MARY, CALLED MAGDALENE
Little is known of Mary Magdalene other than the text from the New Testament. Now Margaret George has taken on the ambitious task of fleshing out the woman called "the other Mary" and giving us a provocative glimpse at Jesus and the apostles.
In this "biography," Mary is a normal child with a traditional middle-class family life until she begins to have troubling visions and appears to be possessed by demons. She is freed from this torment by the prophet Jesus. Once free, Mary must decide to return to her husband or follow the prophet.
We know who she chooses and the eventual friendship that forms between them. Jesus reveres Mary for her visions (the very thing others feared), and as she becomes his confidante, her visions give credence to the stories of the apostles and their prophetic abilities.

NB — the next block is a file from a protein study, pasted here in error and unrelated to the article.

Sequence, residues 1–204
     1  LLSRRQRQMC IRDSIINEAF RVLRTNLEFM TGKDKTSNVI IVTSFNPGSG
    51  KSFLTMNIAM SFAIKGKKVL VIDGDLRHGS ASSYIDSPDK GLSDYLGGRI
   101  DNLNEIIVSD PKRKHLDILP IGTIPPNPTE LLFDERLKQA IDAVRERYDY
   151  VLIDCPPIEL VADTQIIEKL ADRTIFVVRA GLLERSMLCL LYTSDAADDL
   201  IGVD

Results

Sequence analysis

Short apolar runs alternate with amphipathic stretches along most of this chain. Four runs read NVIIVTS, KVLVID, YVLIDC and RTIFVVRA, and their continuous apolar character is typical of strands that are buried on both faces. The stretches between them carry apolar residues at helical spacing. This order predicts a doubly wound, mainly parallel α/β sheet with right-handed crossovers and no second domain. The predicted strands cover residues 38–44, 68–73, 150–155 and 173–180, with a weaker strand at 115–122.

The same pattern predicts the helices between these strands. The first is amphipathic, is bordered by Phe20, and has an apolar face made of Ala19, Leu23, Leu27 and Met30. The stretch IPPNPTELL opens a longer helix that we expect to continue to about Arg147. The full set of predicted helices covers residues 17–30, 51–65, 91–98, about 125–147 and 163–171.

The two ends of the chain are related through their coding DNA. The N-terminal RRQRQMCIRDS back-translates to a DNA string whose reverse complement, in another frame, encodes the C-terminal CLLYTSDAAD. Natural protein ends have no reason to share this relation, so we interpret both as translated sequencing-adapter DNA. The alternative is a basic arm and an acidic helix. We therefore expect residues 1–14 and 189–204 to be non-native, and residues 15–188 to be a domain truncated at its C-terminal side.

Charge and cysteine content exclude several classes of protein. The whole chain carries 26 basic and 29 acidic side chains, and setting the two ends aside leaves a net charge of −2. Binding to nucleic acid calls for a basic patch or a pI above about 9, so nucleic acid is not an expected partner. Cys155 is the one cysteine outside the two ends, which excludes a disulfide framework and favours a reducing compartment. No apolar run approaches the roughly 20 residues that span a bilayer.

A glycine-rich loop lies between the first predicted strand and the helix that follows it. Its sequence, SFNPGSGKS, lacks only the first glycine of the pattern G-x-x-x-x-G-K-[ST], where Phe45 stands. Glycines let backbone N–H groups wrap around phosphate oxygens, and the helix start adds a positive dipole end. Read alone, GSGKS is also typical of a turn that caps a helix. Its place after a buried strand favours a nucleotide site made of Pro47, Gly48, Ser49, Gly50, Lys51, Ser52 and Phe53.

The rest of the novel continues with a more traditional approach to Mary's life, but is still an imaginative rendering of one of the four females important in Christ's life, who are often overlooked in the larger scheme of things.
George has been commended for her finely crafted and carefully researched biographies, and this novel is no different. Though far less is known of Mary than Cleopatra or the Queen of Scots, George depicts this historical figure's life and the biblical era with vivid descriptions and myriad details. This is the mark of a brilliant historian. SWEET (Dec., 700 pp., $28.95)